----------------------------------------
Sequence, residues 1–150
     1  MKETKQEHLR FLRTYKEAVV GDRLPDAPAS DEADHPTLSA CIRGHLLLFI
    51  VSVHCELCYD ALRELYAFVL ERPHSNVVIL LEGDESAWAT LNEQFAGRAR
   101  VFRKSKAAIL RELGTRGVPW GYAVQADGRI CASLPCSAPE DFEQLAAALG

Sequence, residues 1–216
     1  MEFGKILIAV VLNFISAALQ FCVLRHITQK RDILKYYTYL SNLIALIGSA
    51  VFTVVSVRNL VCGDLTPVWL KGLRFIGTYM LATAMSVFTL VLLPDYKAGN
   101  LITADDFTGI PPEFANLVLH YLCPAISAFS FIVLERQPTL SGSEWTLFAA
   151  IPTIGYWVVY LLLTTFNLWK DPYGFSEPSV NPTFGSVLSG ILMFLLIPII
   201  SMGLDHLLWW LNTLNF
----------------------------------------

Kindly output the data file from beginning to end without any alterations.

Sequence, residues 1–150
     1  MKETKQEHLR FLRTYKEAVV GDRLPDAPAS DEADHPTLSA CIRGHLLLFI
    51  VSVHCELCYD ALRELYAFVL ERPHSNVVIL LEGDESAWAT LNEQFAGRAR
   101  VFRKSKAAIL RELGTRGVPW GYAVQADGRI CASLPCSAPE DFEQLAAALG

Sequence, residues 1–216
     1  MEFGKILIAV VLNFISAALQ FCVLRHITQK RDILKYYTYL SNLIALIGSA
    51  VFTVVSVRNL VCGDLTPVWL KGLRFIGTYM LATAMSVFTL VLLPDYKAGN
   101  LITADDFTGI PPEFANLVLH YLCPAISAFS FIVLERQPTL SGSEWTLFAA
   151  IPTIGYWVVY LLLTTFNLWK DPYGFSEPSV NPTFGSVLSG ILMFLLIPII
   201  SMGLDHLLWW LNTLNF